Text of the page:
Register Cliff Historic Site
Backstory and Context
The Oregon Trail was a 2,100-mile overland route that brought travelers west from points along the Missouri and Mississippi Rivers primarily during the mid-19th century. It traversed present day Kansas, Nebraska, Wyoming, and Idaho prior to reaching Oregon. The beginnings of the Oregon Trail were cut by fur trappers and traders in the early 1800s, especially by members of John Jacob Astor’s Pacific Fur Company and those employed by the Hudson’s Bay Company.
Initially a foot and horse path, sections were widened over the decades to allow for the passage of wagons and annual improvements were made such as fords, bridges and ferries. One of the first migrant wagon trains was organized in 1836 in Independence, Missouri and others soon followed. Many migrants used the eastern half of the Oregon Trail prior to branching off to the California and Mormon Trails after crossing the Continental Divide. Eventually, over 400,000 people used the trail to head west, most during its peak years of use from 1846 to 1869 when completion of the Transcontinental Railroad made the trail obsolete.
The vast majority of those westward travelers stopped at Fort Laramie, Wyoming which was a private trading post prior to being purchased by the U.S. Army in 1849. They stopped to rest and stock up on supplies prior to ascending the Continental Divide at South Pass. Just to the northwest of Fort Laramie and prior to reaching South Pass, the migrants came across a large grassy area next to a 100-foot limestone cliff which had been eroded by the North Platt River. It proved to be a great location to stop, water and feed their teams and carve their names and date of arrival into the cliffside for all who came behind, to include friends and family, to see. The spot became a geographical landmark of sorts and was soon listed in trail guidebooks.
Over the years, wind and weather have erased some names from the cliff with the earliest legible name dating back to July of 1829. It is possible to trace the history of some of the names carved in the cliffside. For example, “A.A. Withrow” was Abel Alderson Withrow, a saddler from Indiana who passed Register Cliff on his way to California. He later became a member of the “Fighting Californians” assigned to the 2nd Massachusetts Cavalry during the Civil War and died in 1911. Three extended members of the Unthank family “signed” the cliff with the first being Alvah Hunt Unthank on June 23, 1850. Unfortunately, he died of cholera a week later and his gravesite remains near Glenrock, Wyoming. Roughly ten percent of travelers perished during the journey, most, like Alvah Unthank, from disease.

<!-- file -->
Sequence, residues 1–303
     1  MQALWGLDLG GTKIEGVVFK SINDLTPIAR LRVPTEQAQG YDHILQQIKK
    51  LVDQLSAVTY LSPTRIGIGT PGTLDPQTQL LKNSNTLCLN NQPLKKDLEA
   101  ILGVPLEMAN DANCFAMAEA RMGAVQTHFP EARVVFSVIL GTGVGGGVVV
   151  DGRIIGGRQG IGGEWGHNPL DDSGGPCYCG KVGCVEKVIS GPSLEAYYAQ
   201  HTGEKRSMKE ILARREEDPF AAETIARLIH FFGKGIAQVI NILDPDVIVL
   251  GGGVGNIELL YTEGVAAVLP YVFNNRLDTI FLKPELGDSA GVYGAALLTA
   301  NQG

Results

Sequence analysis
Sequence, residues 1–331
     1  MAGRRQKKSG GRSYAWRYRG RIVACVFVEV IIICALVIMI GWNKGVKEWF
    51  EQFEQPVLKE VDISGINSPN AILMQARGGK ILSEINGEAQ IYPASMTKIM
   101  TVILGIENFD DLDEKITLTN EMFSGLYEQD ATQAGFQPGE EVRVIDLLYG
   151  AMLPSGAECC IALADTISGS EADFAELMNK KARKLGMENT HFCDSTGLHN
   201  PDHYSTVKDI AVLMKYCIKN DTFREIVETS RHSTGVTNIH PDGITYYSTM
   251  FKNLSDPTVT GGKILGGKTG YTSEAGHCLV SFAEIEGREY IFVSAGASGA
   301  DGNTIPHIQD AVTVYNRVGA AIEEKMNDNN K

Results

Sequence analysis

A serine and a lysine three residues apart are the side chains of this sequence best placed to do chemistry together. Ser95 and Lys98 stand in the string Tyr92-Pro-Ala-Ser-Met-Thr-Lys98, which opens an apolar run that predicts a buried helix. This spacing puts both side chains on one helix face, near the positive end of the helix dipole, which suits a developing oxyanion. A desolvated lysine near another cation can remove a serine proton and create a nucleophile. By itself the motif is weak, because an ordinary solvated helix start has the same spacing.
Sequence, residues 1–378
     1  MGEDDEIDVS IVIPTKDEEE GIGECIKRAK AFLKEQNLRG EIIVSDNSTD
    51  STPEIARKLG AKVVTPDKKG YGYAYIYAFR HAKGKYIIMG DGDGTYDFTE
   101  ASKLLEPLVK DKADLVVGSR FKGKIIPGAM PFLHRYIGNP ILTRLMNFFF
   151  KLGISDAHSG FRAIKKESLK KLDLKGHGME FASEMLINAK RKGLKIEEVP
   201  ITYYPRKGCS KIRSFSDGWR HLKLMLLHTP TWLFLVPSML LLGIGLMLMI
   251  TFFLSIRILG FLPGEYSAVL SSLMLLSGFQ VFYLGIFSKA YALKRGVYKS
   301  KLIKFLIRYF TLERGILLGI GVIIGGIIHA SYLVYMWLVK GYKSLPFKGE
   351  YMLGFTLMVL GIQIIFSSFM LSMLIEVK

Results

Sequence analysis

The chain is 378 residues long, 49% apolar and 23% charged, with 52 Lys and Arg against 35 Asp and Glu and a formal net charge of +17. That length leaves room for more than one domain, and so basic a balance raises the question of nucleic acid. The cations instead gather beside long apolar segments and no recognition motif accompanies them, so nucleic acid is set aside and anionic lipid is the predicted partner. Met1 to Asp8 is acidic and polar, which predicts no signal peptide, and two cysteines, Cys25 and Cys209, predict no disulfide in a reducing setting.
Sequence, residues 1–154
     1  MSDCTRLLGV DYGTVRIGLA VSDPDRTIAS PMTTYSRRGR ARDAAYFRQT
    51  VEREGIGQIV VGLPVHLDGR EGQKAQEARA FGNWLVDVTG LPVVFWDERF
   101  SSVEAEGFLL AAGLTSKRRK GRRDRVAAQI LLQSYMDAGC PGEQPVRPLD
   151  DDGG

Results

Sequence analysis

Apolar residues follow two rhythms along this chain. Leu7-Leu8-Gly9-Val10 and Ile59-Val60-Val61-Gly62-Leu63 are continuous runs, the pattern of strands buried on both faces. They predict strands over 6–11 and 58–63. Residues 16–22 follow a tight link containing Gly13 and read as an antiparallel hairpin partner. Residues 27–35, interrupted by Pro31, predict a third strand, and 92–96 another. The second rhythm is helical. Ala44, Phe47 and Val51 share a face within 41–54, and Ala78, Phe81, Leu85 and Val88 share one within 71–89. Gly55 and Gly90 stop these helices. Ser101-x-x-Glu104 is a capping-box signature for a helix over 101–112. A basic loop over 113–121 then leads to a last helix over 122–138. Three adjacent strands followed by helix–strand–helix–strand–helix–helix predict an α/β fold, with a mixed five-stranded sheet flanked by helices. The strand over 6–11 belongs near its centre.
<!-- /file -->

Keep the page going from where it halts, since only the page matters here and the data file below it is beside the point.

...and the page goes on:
Eventually, two enterprising individuals named Ward and Gurrier opened a small trading post near the cliff that later became a pony express stop and then a stage station. All that remains is the chimney base. Beginning in 1880, Charles Guernsey, the nearby town’s namesake, owned and operated a ranch in the area which was sold to Henry Frederick. Frederick donated the land, which is now the Register Cliff Historic Site to the state in 1932. Unfortunately, since that time, people have recently added their names to the cliff, sometimes marring the names of those who travelled the Oregon Trail almost 200 years ago. The state has added a walking trail along the cliff face, have cordoned off unmarked graves, and added informational markers at the site. Register Cliff is open daily from sunrise to sunset.
Barnhart, Bill. "National Register of Historic Places Nomination Form: Register Cliff." United States Department of the Interior/National Park Service. December 19, 1969. Accessed May 19, 2020. https://npgallery.nps.gov/NRHP/GetAsset/NRHP/70000674_text
"Register Cliff." WYOHistory. November 8, 2014. Accessed May 19, 2020.https://www.wyohistory.org/encyclopedia/register-cliff
Weiser, Kathy. "Register Cliff, Wyoming - Historic Guestbook on the Plains." Legends of America. November, 2019. Accessed May 19, 2020.https://www.legendsofamerica.com/wy-registercliff/
Brooke, Bob. "Oregon Trail - Facts, information and articles abut the Westward Expansion." Historynet. April, 2000. Accessed May 19, 2020. https://www.historynet.com/oregon-trail